Over the last decade the concern for the underrepresentation of women in corporate boardrooms has steadily increased. The low number of women at the top of organisations has pushed the agenda for determining the circumstances and factors that both promote and impede women’s access to these top levels. In an effort to advocate for increasing the numbers of women on boards, research has tended to focus on the benefits women will bring to the company.
Often referred to as ‘The Business Case’, research in this area focuses on the importance of hiring from the complete talent pool; on the relationship between women and firm value; as well on the unique experiences and talents women characteristically can bring to organisational settings. Yet this ostensibly pragmatic emphasis, on connecting equality with the achievement of value related to organisational goals, is not as straightforward as researchers and policy makers make it seem.
Below, the challenges and concerns for the business case are addressed in the hopes of shifting dialogue to focus on the ideas of justice and fairness.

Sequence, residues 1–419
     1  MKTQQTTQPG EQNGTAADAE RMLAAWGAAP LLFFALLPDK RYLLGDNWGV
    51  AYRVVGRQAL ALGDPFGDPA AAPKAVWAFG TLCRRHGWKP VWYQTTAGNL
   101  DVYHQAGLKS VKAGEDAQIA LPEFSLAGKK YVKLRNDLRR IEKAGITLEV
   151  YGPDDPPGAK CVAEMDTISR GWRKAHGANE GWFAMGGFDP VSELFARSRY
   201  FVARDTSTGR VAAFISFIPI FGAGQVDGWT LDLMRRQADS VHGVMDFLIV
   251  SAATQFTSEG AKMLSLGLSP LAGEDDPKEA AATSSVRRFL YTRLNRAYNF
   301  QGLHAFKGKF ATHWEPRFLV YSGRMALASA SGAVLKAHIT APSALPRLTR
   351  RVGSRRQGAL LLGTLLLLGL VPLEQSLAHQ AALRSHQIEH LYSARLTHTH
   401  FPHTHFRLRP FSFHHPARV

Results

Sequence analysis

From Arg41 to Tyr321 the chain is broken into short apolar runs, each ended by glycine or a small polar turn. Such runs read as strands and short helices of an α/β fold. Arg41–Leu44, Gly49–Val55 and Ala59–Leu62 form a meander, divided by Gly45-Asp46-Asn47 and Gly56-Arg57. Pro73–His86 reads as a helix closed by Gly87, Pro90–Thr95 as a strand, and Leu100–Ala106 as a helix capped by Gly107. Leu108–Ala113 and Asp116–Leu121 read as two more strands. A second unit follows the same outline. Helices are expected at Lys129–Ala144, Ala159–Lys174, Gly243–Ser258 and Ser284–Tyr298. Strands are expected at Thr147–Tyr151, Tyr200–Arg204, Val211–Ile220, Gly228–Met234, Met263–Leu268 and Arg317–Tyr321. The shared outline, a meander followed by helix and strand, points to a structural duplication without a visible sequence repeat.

Changing Traditional Views of ‘Strengths and Experiences’
One of the main arguments delivered to companies is that by expanding their recruitment to include more women (and other minorities), organisations will benefit from the use of the untapped talent pool, bringing in different strengths and experiences (Seierstad, 2016). By pushing this argument it cannot be forgotten that women’s attributes may not fit within traditional ideas of what makes a successful board member.
This gives organisations the ability to argue against hiring from underrepresented groups, making the claim that they do not fit the requirements of the positions that need to be filled. Organisations have yet to widely adopt a view of ‘strengths and experiences’ that does not stem from the traditional model that values traits typically associated with men. This means that even as women accumulate varied experiences they may still not be viewed as appropriately qualified for the upper echelons of corporate leadership.
Previous and Existing Barriers
The focus on recruiting women solely as part of an effort to bring in new talent also ignores previous and existing barriers, including the discriminating tendencies of employers that women have faced throughout their academic and organisational careers.